A new report from The New York Times highlights how President Donald Trump’s economic sanctions against the Islamic Republic of Iran have devastated the country and have allowed the U.S. to become even more aggressive toward the terror-sponsoring state because it is afraid of any additional fallout from continued escalation.
The New York Times reported Monday:
Iran is caught in a wretched economic crisis. Jobs are scarce. Prices for food and other necessities are skyrocketing. The economy is rapidly shrinking. Iranians are increasingly disgusted.
Crippling sanctions imposed by the Trump administration have severed Iran’s access to international markets, decimating the economy, which is now contracting at an alarming 9.5 percent annual rate, the International Monetary Fund estimated. Oil exports were effectively zero in December, according to Oxford Economics, as the sanctions have prevented sales, even though smugglers have transported unknown volumes.
On Tuesday, European countries triggered a dispute mechanism against Iran, which is producing enough enriched uranium to build one nuclear bomb by the end of the year, for violating the Iran nuclear deal.
The Foreign Ministers of France, Germany, and the United Kingdom said in a joint statement on Tuesday:
Following Iran’s announcement in May 2019 that it would cease meeting some of its commitments under the JCPoA, we have sought to persuade Iran to change course. The E3 have worked hard to address Iran’s concerns and bring it back into compliance with its commitments under the nuclear agreement. We have also undertaken and supported diplomatic efforts, such as France’s initiative, to deescalate tensions and to bring Iran and the US to the negotiating table for a comprehensive negotiated solution. The E3 remain fully committed to this diplomatic effort and intend to resume it as soon as conditions allow.
However, in the meantime Iran has continued to break key restrictions set out in the JCPoA. Iran’s actions are inconsistent with the provisions of the nuclear agreement and have increasingly severe and non-reversible proliferation implications.
We do not accept the argument that Iran is entitled to reduce compliance with the JCPoA. Contrary to its statements, Iran has never triggered the JCPoA Dispute Resolution Mechanism and has no legal grounds to cease implementing the provisions of the agreement.
We publicly stated our concerns, along with the High Representative of the European Union, on 11 November. At the Joint Commission on 6 December, we made clear to Iran that unless it reversed course, we would have no choice but to take action within the framework of the JCPoA, including through the Dispute Resolution Mechanism.
Instead of reversing course, Iran has chosen to further reduce compliance with the JCPoA and announced on 5 January that “the Islamic Republic of Iran, in the fifth step in reducing its commitments, discards the last key component of its limitations in the JCPOA, which is the ‘limit on the number of centrifuges’”, and that “the Islamic Republic of Iran’s nuclear program no longer faces any operational restrictions”, including on enrichment and enrichment-related matters.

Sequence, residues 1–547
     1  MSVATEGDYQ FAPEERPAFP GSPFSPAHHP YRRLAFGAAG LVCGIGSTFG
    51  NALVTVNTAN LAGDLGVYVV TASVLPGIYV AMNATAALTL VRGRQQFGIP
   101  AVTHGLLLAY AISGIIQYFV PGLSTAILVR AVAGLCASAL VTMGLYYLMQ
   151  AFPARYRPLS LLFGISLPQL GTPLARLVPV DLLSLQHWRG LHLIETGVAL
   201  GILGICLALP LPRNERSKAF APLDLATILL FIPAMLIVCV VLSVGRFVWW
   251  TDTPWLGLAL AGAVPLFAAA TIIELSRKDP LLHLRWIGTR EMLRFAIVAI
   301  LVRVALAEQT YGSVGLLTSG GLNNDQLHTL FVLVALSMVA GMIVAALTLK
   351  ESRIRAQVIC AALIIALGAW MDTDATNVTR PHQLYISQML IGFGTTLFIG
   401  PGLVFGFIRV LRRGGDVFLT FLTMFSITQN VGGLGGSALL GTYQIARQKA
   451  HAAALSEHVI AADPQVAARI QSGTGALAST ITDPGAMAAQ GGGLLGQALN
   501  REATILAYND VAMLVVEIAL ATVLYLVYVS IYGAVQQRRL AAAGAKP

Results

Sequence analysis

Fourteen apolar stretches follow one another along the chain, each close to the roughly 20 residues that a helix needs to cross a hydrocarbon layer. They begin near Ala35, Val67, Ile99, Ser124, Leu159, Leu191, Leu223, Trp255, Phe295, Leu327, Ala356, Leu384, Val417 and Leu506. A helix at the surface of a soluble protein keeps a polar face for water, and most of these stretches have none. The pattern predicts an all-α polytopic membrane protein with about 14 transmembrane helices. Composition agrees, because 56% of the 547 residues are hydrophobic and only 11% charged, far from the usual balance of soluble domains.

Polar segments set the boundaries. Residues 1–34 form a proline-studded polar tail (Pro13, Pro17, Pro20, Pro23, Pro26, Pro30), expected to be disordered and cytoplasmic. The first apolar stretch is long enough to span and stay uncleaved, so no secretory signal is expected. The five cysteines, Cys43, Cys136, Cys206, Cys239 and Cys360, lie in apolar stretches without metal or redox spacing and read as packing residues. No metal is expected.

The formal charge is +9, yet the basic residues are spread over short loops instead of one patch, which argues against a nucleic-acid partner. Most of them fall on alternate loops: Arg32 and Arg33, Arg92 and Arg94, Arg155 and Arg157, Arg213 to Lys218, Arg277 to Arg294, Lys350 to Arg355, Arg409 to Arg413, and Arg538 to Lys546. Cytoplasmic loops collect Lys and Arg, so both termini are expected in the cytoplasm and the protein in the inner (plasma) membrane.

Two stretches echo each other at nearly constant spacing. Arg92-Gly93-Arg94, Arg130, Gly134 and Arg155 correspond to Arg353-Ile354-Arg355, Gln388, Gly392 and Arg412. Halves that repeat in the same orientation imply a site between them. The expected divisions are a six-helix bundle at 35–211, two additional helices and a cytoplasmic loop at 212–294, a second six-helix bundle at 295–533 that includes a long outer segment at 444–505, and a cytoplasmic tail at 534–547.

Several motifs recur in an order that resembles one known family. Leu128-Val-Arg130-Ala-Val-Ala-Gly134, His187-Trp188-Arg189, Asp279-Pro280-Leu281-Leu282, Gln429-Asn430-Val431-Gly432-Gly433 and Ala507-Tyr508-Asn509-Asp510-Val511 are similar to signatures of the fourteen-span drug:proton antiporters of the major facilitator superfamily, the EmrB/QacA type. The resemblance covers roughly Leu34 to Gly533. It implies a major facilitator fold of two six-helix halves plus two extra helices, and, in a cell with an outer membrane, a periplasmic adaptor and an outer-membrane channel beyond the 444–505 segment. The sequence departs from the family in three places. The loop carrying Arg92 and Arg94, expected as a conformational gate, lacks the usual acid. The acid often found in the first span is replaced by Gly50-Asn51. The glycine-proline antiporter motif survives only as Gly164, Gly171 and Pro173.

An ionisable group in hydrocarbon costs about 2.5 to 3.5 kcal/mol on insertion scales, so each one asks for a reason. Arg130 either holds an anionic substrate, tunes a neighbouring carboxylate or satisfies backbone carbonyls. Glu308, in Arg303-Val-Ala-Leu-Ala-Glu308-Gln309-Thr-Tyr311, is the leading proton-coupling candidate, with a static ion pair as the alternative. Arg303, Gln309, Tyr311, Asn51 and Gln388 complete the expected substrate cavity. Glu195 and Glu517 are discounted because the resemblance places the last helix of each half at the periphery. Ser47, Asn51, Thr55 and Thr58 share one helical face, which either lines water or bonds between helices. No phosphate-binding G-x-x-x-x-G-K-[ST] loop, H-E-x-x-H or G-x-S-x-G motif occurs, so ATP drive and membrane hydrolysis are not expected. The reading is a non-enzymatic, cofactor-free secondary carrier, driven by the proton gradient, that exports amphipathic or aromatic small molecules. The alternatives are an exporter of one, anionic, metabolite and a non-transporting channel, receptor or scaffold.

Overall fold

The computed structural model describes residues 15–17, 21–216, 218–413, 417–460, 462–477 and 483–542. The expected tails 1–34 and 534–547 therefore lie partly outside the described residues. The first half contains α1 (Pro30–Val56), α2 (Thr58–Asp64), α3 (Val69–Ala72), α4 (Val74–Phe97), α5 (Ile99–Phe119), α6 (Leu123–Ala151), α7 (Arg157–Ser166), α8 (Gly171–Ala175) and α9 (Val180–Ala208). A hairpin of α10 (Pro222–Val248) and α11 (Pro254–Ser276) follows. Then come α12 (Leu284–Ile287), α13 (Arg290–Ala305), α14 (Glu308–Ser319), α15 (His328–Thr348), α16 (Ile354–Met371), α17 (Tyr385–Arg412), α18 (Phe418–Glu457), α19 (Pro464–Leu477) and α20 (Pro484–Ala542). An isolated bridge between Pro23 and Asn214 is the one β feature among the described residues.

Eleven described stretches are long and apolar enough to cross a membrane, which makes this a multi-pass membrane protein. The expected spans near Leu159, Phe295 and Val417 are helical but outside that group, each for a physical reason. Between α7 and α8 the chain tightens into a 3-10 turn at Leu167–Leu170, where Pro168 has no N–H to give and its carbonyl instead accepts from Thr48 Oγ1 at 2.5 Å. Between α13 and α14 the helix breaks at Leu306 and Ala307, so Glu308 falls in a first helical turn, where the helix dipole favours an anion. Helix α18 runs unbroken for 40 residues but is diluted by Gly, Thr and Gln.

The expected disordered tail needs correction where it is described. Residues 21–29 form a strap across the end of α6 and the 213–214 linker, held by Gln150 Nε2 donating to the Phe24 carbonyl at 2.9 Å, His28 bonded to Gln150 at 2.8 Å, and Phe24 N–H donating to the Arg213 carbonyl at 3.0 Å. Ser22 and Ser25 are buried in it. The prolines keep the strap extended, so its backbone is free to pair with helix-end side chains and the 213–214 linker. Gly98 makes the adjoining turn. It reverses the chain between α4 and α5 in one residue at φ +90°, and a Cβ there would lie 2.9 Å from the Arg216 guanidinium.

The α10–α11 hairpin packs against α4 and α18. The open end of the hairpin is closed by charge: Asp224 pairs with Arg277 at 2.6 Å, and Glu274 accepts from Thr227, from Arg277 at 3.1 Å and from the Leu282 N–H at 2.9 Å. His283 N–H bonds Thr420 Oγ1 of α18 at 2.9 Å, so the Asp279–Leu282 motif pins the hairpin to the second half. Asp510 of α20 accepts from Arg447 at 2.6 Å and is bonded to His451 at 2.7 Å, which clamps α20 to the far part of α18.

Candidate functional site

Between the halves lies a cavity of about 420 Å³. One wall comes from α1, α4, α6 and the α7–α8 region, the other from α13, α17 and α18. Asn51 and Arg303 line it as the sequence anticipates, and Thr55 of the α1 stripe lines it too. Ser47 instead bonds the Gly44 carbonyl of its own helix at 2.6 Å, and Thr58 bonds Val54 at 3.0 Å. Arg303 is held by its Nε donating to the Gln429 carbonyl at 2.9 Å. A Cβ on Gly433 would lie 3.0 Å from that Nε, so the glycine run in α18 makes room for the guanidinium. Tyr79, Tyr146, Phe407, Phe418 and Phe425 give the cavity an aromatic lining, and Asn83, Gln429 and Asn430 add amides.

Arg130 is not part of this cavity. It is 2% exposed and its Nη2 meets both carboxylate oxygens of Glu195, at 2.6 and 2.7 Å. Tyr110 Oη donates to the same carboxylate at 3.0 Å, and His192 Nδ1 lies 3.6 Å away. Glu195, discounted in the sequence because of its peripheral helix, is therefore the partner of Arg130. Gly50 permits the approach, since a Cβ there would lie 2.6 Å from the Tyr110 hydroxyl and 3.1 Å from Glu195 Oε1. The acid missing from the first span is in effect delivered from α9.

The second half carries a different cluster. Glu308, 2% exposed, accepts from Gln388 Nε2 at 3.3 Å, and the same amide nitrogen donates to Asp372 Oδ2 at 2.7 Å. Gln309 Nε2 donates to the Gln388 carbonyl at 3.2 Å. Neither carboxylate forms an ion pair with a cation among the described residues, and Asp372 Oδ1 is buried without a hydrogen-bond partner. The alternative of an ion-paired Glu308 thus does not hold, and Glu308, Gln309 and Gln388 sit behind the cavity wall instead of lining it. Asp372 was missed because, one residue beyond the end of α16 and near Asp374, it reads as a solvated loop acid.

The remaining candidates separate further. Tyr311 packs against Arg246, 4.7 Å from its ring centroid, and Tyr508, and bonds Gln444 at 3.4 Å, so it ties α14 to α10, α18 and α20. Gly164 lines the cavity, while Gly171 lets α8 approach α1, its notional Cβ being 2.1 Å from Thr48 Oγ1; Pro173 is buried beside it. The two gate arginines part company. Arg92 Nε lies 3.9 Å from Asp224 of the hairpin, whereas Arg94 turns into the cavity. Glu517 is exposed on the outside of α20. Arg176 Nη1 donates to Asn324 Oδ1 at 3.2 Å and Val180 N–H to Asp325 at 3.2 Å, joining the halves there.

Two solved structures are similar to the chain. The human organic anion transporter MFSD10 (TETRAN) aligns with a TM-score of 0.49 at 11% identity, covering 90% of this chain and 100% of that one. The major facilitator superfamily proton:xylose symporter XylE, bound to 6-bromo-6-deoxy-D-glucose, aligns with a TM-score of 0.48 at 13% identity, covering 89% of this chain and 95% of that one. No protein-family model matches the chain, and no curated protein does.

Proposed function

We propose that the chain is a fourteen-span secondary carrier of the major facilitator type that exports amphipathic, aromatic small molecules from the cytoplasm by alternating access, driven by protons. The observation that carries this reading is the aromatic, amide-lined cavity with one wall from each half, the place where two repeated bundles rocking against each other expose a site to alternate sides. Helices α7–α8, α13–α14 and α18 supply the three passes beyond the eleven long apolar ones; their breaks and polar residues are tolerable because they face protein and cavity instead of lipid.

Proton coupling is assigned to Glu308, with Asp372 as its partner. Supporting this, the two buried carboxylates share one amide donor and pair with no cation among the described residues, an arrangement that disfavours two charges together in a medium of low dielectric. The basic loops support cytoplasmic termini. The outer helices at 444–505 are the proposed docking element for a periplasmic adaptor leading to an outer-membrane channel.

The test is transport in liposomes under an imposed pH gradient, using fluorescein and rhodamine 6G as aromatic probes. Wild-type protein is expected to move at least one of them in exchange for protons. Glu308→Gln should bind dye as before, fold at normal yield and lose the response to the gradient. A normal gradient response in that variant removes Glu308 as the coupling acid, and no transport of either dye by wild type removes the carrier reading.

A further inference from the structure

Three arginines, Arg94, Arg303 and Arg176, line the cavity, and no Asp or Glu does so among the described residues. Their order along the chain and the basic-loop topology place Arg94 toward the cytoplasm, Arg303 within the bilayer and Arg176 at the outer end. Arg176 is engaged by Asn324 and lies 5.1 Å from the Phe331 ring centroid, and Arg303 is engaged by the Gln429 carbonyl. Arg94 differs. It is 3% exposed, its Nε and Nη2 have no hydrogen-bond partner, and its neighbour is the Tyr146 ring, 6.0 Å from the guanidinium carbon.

We have therefore been left with no choice, given Iran’s actions, but to register today our concerns that Iran is not meeting its commitments under the JCPoA and to refer this matter to the Joint Commission under the Dispute Resolution Mechanism, as set out in paragraph 36 of the JCPoA.
As The Times noted, the fact that conditions are deteriorating so rapidly in Iran means that its government is concerned about continued protests, which seem to become more problematic for the regime every time they break out.
As a result, “the bleak economy appears to be tempering the willingness of Iran to escalate hostilities with the United States, its leaders cognizant that war could profoundly worsen national fortunes,” The Times added. “In recent months, public anger over joblessness, economic anxiety and corruption has emerged as a potentially existential threat to Iran’s hard-line regime.”
The Trump administration launched new sanctions against Iran last week after the world’s leading state sponsor of terrorism launched missile attacks against U.S. forces stationed in Iraq. The sanctions were announced on Friday by Treasury Secretary Steven Mnuchin and Secretary of State Mike Pompeo during a press briefing at the White House.
“First, the President is issuing an executive order authorizing the imposition of additional sanctions against any individual owning, operating, trading with, or assisting sectors of the Iranian economy, including construction, manufacturing, textiles, and mining,” Mnuchin began. “And let me be clear: These will be both primary and secondary sanctions. The EO also allows us to designate other sectors in the future as Secretary Pompeo and me think is appropriate.”
“Second, we are announcing 17 specific sanctions against Iran’s largest steel and iron manufacturers, three Seychelles-based entities, and a vessel involved in the transfer of products,” Mnuchin said. “As a result of these actions, we will cut off billions of dollars of support to the Iranian regime, and we will continue our enforcement of other entities.”
“Third, we are taking action against eight senior Iranian officials who advanced the regime’s destabilizing activity and were involved in Tuesday’s ballistic missile strike,” Mnuchin concluded. “Today’s sanctions are part of our commitment to stop the Iranian regime’s global terrorist activities. The President has been very clear: We will continue to apply economic sanctions until Iran stops its terrorist activities and commit that it will never have nuclear weapons.”